Updated: Oct 19, 2019
Introduction: The African Elephant
The African elephant (Loxodonta africana) is the largest land mammal alive today. They have elongated appendages known as a trunk with two finger-like tips and, for the average mature bull, can grow to over three metres, weighing 5000 kilograms (Estes, 1991).
With these unique characteristics, one has to question how this creature came about. Have environment, natural phenomena and human presence played a part and what does the future hold for these huge animals? This report will discuss both the natural adaptation and evolution of the African elephant, showing us how it has become the animal we know today.
Taxonomy of elephant species
The taxonomic order in which elephants are members of is called Proboscidea. This order along with the family Elephantidae (mammals with tusks and trunks) hold all the extinct and living species of what we colloquially call elephants (Vaughan et al, 2011).
Elephants are divided into two species: Loxodonta and Elephas. Loxodonta africana is the mammal we know as the African Elephant which differs from its cousin (the Asian elephant, Elephas maximus) in many ways. They differ in anatomy from height and weight to dentition and behaviour (shown in table 1 below) (Fowler and Mikota, 2006).
Proboscideans first appeared in the mid-Eocene (about 45 million years ago) and the family Elephantidae in the late Miocene (about 6 million years ago). These were mostly large creatures, characterised primarily with their long trunks together with tusks (Estes, 2006). Table 2 below shows variation of species that evolved throughout these eras.
Loxodonta as a species evolved in Africa about four million years ago and this is where it remained. It has not changed much by the means of evolution in this time. Any adaptations of the African Elephant’s anatomy from fossil records around this time are subtle changes to its teeth and skeleton (Haynes, 1991).
Evolutionary Drives and Processes
The main evolutionary adaptations to the proboscidean anatomy occur in the animals teeth and other parts of the head. This has a lot to do with the distribution of the elephant ancestors and what part of the world they lived in (Haynes, 1991).
The distribution of proboscidean fossils is vast and are found nearly all over the world. This means ancient elephants each lived in a huge variety of habitats and environments. The two species alive today are the only successful representations of over 100 proboscidean species (see figure 3 below for examples). It was the ice age that wiped out the majority of large proboscideans and only those who had ventured to the subtropical landscapes of Africa and Asia continues to survive and evolve (Sukumar, 2003).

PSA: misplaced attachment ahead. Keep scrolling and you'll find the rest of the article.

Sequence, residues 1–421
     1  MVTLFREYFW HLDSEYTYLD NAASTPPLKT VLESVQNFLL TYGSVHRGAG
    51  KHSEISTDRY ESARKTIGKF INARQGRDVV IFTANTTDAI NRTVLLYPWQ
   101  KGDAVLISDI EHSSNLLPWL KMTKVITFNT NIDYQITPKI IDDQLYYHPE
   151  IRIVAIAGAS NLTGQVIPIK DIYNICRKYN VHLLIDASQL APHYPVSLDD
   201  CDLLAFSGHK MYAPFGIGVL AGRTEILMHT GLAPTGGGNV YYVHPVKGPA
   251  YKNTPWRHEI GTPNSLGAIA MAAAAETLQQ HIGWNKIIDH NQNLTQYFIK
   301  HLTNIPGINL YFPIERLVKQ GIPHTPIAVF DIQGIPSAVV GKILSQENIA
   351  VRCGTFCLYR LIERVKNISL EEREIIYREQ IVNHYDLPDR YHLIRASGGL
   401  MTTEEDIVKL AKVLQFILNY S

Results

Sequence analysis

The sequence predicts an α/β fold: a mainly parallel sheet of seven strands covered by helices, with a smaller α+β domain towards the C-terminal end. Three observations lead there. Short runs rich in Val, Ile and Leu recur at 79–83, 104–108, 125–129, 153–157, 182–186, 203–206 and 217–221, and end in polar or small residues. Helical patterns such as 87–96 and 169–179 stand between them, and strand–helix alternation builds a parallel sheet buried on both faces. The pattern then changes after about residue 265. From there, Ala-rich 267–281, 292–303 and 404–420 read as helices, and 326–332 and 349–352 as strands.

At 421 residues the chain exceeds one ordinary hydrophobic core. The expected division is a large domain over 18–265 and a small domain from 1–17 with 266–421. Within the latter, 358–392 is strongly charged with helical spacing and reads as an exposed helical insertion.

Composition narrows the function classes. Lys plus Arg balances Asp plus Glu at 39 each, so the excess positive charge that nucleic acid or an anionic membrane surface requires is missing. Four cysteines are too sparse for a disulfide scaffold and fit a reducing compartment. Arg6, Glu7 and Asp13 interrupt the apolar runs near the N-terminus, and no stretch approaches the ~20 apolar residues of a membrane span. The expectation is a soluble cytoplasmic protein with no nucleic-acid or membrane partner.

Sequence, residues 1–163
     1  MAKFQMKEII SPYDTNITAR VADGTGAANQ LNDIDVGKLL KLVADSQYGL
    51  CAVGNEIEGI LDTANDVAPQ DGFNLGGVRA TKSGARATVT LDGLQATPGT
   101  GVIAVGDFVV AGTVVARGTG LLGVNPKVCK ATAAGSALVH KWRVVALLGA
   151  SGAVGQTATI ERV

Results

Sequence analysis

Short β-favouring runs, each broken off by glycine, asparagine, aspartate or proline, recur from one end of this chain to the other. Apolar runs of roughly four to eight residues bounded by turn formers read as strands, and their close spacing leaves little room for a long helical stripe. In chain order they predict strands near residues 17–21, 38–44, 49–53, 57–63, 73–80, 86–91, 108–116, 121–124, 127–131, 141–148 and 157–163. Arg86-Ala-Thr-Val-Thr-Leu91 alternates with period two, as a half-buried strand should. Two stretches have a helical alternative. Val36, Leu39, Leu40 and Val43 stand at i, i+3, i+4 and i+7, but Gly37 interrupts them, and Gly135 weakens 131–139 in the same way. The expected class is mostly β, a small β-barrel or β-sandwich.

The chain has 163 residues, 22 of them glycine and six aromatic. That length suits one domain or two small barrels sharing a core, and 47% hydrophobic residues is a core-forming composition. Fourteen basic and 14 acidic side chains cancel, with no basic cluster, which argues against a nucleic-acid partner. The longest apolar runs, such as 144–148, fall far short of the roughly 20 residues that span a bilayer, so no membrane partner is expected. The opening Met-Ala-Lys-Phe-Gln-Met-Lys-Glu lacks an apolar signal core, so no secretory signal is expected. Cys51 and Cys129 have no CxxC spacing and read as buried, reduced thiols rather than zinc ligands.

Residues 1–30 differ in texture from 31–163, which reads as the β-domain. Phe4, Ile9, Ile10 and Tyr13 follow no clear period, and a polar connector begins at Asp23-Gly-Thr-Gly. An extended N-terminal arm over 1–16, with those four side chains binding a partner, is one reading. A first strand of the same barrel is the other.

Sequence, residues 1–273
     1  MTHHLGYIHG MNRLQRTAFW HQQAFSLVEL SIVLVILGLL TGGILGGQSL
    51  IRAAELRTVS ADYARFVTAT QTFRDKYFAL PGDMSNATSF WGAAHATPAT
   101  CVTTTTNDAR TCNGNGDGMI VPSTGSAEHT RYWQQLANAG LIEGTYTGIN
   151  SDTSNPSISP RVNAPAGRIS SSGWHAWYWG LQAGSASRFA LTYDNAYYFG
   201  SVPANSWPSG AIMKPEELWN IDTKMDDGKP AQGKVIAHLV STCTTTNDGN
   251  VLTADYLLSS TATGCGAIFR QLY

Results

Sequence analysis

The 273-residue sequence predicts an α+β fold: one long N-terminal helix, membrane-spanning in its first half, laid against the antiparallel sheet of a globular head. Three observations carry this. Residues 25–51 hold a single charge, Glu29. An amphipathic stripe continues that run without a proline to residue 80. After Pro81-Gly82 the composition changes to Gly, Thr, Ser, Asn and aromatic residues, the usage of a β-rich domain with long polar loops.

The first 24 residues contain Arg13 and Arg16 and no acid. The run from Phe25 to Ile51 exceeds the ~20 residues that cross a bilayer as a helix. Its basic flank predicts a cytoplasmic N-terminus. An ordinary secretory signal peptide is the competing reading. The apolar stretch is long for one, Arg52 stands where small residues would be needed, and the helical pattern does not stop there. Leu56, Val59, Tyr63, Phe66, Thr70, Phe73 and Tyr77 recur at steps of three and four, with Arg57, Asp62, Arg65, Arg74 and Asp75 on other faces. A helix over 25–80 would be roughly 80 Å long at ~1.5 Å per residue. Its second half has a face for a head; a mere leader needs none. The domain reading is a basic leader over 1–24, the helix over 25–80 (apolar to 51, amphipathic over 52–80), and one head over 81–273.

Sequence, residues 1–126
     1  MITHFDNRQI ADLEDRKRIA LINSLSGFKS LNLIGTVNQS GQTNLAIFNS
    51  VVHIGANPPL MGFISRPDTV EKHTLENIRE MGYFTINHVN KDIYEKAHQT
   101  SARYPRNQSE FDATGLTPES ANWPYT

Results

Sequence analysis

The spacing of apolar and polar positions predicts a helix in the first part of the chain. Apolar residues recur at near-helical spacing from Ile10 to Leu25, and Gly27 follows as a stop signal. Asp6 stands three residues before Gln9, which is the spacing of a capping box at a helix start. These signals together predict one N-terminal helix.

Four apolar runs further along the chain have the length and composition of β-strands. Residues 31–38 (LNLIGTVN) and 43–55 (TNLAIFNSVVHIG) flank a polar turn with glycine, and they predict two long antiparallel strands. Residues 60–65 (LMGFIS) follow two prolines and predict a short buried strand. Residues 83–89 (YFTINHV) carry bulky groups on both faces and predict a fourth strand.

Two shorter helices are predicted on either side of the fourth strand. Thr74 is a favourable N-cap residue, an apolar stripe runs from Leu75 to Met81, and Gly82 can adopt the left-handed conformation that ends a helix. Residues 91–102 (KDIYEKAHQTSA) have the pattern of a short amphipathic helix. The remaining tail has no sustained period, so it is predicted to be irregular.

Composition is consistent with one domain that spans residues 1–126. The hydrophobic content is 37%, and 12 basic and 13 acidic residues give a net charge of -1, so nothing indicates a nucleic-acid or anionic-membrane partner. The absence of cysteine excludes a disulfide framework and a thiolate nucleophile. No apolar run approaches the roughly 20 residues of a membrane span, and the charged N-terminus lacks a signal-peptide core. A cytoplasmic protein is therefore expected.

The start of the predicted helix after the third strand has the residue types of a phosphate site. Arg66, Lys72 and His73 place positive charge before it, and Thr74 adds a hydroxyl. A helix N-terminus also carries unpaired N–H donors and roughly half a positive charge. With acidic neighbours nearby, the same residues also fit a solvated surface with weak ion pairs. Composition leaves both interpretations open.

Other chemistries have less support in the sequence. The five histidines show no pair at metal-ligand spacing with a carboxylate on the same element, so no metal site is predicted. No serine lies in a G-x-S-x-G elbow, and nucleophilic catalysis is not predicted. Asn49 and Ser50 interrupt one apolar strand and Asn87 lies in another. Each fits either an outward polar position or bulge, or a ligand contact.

Figure 3; A range of proboscidean species which failed to survive the last ice age or survive evolutionarily. Taken from The living elephants (Sukumar, 2003).
There are a few studies which have been of interest in relation to modern adaptations in Loxodonta africana, in more recent history. There is genetic evidence suggesting that a sub-species of African elephant should in fact be classed as a separate species of Elephantidae. It showed that the 58% of genes that separate L.africana (African savannah elephants) and Elephus maximus actually differ from Loxodonta africana cyclosis (African forest elephants). Along with habitat and morphological differences, the forest elephant is now recognised as Loxodonta cyclosis, a different species (Roca et al, 2001).
We can see from Table 2 that the general size of the body, ears, trun
k and tusks increases the closer we get to the present era. It would appear that through the process of natural selection, the elephants with longer trunks get more food, are more likely to survive and therefore pass on these long-trunk genes to their offspring. This would be the same for longer tusks and fighting for the right to mate, bigger ears for losing heat quicker and bigger body size to avoid being killed by predators.
We have also found that natural phenomena such at the last ice age managed to wipe out Elephantidae species which allowed only the two we know of today to survive, but also that more recent history has given us adaptations which can separate a sub-species from Loxodonta vastly. This can give us an idea of why we have our modern elephants and why they have their unique characteristics.
Estes, Richard Despard, (1991). The behaviour guide to African mammals: including hoofed mammals, carnivores and primates. University of California Press, London, England.
Fowler, Murray E., and Mikota, Susan K., (2006). Biology, medicine and surgery of elephants. Blackwell Publishing Ltd, Oxford, United Kingdom.
Haynes, Gary, (1991). Mammoths, mastodonts and elephants: biology, behaviour, and the fossil record. Cambridge University Press, Cambridge, United Kingdom.
Roca, Alfred L., Georgiadis, Nicolas, Peacon-Slattery, Jill and O’Brien, Stephen J., (2001). Genetic evidence for Two Species of Elephant in Africa. Science magazine, 24 August 2001.
Sukumar, Raman, (2003). The Living Elephants: evolutionary ecology, behaviour and conservation. Oxford University Press, Oxford, England.
Vaughan, Terry A., Ryan, James M., and Czaplewski, Nicholas J., (2011). Mammaolgy. Fifth edition. Jones and Bartlett Publishers International, London, England.